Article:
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Chapter 5. ONLINE DISCLOSURES AND THAT B... > Urban Legends and “Hi, I'm from Nige...

Urban Legends and “Hi, I'm from Nigeria and…”

Like computer viruses that travel the Internet in e-mail, so do false stories and requests for help. Not all of them have a “send money” message, so you might not suspect that the story is false. Probably the most famous of these is the “Craig Shergold” chain letter hoax. It asks you to send get well cards or business cards to a seven-year-old diagnosed with brain cancer who seeks to break the Guinness Book of Records count of cards. Some of this story is true; however, it all happened a long, long time ago (Craig Shergold was born in 1979). Don't believe stories such as this without checking them out, whether or not they ask for money. If they ask for money, don't send it. If the Web site or e-mail asks you to add your name to the bottom of the list and send $1 to each of the people at the top of the list, you are participating in a chain letter. Chain letters are against the law in the United States.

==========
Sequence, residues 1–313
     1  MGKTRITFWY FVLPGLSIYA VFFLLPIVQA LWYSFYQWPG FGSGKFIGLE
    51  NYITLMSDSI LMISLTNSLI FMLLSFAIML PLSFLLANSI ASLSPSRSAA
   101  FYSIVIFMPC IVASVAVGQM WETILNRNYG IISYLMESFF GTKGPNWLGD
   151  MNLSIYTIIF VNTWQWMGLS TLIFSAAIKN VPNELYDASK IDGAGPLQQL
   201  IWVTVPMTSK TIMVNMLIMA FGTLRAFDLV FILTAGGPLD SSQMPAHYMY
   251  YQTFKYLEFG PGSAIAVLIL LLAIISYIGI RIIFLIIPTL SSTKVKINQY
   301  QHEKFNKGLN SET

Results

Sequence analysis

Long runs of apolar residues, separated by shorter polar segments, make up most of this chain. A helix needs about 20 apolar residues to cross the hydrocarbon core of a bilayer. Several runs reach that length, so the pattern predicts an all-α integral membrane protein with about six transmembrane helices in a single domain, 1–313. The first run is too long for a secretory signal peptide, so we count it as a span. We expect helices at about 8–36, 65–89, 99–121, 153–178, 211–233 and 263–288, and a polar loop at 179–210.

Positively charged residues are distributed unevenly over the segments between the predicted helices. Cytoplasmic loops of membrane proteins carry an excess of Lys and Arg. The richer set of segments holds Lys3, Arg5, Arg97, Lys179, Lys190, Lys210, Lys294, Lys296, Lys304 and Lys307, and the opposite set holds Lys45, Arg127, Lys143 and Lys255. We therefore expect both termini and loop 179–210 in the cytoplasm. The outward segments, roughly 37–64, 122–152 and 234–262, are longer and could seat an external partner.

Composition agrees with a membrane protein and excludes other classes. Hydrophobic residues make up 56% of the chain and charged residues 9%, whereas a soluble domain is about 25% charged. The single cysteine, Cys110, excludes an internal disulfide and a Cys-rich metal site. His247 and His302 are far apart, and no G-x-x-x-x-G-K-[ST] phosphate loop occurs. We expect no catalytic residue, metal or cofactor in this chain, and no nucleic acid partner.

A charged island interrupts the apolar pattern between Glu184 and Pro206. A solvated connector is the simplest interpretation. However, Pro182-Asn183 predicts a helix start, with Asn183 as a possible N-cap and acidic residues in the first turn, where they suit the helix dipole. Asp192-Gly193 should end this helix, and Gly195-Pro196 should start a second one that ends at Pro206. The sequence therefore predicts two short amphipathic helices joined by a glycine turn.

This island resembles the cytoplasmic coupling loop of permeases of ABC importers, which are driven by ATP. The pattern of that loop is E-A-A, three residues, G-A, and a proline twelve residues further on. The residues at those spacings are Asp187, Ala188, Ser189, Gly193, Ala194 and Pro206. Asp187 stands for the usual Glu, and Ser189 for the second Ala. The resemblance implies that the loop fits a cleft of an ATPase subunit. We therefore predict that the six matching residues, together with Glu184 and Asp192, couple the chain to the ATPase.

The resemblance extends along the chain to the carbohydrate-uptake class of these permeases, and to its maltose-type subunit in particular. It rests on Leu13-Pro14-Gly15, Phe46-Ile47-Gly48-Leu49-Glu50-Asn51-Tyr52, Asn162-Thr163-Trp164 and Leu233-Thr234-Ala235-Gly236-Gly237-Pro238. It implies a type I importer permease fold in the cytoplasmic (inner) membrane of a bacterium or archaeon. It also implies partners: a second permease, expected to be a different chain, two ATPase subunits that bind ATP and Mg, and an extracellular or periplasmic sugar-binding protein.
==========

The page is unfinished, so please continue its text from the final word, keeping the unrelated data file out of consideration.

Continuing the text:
The following are excellent sites that offer additional information about urban legends and hoaxes:


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